Why Do Squirrels Roll Around?

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Squirrels are playful little creatures. But if you see them rolling around in your backyard, they're likely not having a good time. Rolling around as a part of play is not unheard of among squirrels, but another reason for them to be acting nutty is more likely: A parasite might be to blame.

Squirrel ABCs

Squirrels live just about anywhere in the United States, and all year long. Red squirrels are found mostly in coniferous forests, but common gray squirrels are seen in cities and backyards. They love trees. All squirrels move fast and can jump long distances, and they rely on their sharp claws to help them stick sometimes treacherous landings. But those seen rolling around on the ground are probably doing so for a reason: They itch.

Late Summer Behavior

During the end of the summer you may have seen squirrels rolling on the ground, or even biting themselves, or just acting plain crazy. Sometimes people worry these types of behavior may indicate a rabid state -- and such behavior could be indicative of a sick rodent. But more than likely, such nutty-acting squirrels have skin irritations making them behave so squirrelly. The irritation is usually due to parasitic botfly larvae.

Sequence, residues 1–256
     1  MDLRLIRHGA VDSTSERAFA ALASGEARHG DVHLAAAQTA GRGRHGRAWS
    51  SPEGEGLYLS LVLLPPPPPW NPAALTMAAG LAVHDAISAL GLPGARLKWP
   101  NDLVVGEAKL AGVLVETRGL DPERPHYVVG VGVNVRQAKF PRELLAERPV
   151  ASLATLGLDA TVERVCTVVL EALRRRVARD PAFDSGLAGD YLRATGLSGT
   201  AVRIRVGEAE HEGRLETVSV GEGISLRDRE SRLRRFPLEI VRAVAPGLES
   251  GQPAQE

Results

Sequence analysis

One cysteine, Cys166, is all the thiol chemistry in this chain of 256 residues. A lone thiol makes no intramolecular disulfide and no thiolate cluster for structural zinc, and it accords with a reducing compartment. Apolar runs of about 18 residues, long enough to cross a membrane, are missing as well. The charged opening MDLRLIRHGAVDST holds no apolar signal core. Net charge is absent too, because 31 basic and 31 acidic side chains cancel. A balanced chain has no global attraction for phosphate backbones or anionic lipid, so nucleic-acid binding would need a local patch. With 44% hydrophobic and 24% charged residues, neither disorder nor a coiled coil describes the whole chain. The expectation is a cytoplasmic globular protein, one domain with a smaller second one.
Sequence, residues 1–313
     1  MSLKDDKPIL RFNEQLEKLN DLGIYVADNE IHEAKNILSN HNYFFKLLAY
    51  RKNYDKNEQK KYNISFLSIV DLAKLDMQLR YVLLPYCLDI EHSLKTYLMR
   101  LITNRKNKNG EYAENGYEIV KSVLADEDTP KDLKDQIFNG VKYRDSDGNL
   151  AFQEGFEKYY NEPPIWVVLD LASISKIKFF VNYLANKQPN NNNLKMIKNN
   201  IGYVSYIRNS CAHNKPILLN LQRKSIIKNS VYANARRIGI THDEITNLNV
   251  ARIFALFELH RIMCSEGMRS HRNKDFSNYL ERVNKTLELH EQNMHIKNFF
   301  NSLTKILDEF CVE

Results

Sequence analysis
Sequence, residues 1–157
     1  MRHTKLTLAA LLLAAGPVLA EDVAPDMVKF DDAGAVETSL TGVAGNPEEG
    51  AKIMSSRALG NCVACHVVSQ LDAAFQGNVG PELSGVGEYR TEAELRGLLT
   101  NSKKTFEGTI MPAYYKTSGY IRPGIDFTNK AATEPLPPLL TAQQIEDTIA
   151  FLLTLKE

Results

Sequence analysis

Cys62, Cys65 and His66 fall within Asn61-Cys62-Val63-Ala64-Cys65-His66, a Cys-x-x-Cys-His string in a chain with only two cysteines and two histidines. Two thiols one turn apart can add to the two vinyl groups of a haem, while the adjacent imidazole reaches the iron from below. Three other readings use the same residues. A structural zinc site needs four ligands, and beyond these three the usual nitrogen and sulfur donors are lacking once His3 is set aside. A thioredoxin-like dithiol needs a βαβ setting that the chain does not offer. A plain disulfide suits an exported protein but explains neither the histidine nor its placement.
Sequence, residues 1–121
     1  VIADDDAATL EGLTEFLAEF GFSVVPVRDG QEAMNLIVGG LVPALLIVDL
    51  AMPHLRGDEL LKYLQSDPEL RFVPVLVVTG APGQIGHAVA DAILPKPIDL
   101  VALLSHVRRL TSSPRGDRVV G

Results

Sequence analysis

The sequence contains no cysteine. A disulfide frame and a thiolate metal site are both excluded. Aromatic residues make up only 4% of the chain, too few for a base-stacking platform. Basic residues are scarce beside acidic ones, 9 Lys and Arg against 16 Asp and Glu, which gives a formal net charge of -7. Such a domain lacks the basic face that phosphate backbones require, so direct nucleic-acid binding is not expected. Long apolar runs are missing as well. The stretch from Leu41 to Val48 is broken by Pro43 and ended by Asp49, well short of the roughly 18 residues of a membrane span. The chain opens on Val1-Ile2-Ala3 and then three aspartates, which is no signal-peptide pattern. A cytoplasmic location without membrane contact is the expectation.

Botfly Symptoms

Adult female botflies lay their eggs in squirrel dens, according to the Florida Fish and Wildlife Conservation Commission website. After the eggs hatch, they enter the squirrel's mouth, nose or other orifice and migrate just under the skin, where they cut tiny holes so they can breathe and develop. Lumps -- actually subcutaneous warbles -- a half-inch to an inch in diameter develop on the squirrels, causing the squirrels to roll around trying to scratch the itch.

What to Do

While neither the larvae nor the infected squirrels are of threat to humans and pets, you should never bother squirrels who may exhibit strange behavior like rolling around. In fact, never touch any squirrel, which could bite or could have some other serious illness. Larvae-infected squirrels should return to normal behavior once the larvae hatch. The squirrels' skin usually heals after a time; however, some squirrels with heavy infestations could be affected seriously.

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Author

Debra Levy has been writing for more than 30 years. She has had fiction and nonfiction published in various literary journals. Levy holds an M.A. in English from Indiana University and an M.F.A. in creative writing/fiction from the Bennington Writing Seminars.